How Does Archiving Work in Graylog?
Welcome to This Week in Log Management!
Every week we get many great questions through support, the community, social media, and our weekly demo. On Fridays, I like to share the most common questions and answers, tips, insights, a closer look at Graylog, interviews, etc.
If you have any questions for me, drop them on Twitter, and I’ll do my best to fold them into upcoming Friday posts. Our handle is @graylog2.
How does archiving work in Graylog?
Archiving is one of the most popular features in Graylog Enterprise, and for a good reason. A primary function is for log retention and storage. Depending on how much storage you can keep in the Graylog cluster, you may want to only keep a certain amount of logs available to you in the system. However, this does not mean that you want to throw away your logs that you don’t need.
One major log management use case for Archiving is Compliance. Some industries and certain types of data processed require that you keep logs in an archive for specific periods of time to meet operational compliance requirements.
Another example of why Archiving is important to log management is you may find you need to perform a deep dive into a security incident. This might be a known incident, but you may be required to go back in time to investigate logs in the Archives. One way that you might do your archive investigations, is to create a separate Graylog cluster and restore your archive there. This allows your investigation to take place outside of the main cluster so that you don’t impact that cluster’s day-to-day operations.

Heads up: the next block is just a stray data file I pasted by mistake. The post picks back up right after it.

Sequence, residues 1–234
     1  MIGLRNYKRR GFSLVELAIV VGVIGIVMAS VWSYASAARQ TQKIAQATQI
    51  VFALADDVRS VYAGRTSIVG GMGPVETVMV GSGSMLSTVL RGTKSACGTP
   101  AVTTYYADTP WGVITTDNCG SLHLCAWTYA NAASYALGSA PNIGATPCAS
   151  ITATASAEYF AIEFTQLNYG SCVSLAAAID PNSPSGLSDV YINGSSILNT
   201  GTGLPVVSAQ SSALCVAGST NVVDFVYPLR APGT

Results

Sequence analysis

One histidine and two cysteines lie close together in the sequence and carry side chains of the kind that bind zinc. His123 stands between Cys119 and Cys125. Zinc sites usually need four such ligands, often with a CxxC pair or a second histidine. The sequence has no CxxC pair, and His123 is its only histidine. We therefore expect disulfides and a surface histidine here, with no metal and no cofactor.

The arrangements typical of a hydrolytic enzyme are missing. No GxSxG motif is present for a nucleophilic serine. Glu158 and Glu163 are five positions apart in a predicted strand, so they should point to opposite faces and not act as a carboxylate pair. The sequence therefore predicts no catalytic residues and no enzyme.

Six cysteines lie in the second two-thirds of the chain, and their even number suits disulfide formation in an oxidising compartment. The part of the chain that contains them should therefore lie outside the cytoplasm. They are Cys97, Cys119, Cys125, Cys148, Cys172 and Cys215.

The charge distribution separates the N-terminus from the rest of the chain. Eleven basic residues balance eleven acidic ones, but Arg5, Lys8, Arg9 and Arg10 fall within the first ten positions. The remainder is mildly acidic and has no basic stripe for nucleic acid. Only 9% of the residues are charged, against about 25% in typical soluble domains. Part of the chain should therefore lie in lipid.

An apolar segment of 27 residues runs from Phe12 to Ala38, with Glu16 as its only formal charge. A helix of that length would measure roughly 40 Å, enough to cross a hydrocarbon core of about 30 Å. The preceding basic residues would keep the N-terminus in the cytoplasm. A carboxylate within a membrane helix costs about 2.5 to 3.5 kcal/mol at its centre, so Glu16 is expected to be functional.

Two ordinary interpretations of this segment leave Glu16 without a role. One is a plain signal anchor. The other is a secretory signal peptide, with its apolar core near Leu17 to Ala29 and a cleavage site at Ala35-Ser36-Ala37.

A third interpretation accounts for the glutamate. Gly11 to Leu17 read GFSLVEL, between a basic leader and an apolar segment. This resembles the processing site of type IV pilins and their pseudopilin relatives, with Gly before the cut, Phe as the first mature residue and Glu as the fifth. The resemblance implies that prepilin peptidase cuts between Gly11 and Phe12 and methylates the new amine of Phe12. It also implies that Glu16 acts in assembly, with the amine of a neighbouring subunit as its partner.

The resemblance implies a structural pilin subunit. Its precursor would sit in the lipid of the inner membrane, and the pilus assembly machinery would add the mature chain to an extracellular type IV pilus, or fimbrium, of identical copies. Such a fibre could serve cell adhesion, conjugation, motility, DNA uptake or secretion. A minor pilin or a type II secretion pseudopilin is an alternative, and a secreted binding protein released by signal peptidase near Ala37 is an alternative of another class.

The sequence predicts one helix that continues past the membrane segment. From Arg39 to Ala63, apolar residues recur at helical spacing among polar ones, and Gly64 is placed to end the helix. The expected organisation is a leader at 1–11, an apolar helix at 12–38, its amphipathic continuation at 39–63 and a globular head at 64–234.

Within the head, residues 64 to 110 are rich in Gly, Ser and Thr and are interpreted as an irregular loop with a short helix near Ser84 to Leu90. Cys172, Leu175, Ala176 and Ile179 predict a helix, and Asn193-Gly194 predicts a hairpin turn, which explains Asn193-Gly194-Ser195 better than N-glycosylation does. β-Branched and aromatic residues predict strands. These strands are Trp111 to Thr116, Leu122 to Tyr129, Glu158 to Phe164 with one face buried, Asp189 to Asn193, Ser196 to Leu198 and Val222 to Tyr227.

When archives are created, they are set up in such a way that they allow you to have archives by specific stream. You may find that certain log types log much more data, and you may require to have different archival needs and timeframes based on these different groups of logs. Once you have created configurations to Archive, these logs can be compressed in different formats, encrypted, and then completely moved off your Graylog cluster into other backup storage utilized in your organization.
For more information:
A great step-by-step video on How to Configure Archiving will help you through this process.
Index Rotation and Configuration
A feature that is directly related to your Archiving is Index Rotation and configuration. It is important to understand that your configuration setup in each of the indices you have built has a relationship to your Archival. Each index is assigned or connected to a stream. Depending on how many logs you are ingesting in Graylog, as mentioned when Archiving, it is important to keep Log Retention and Rotation as part of the equation when building out your logging needs.
For more information:
Here is an article on Log Indexing and Rotation For Optimized Archival in Graylog.
Thanks for joining us, and Happy Logging With Graylog!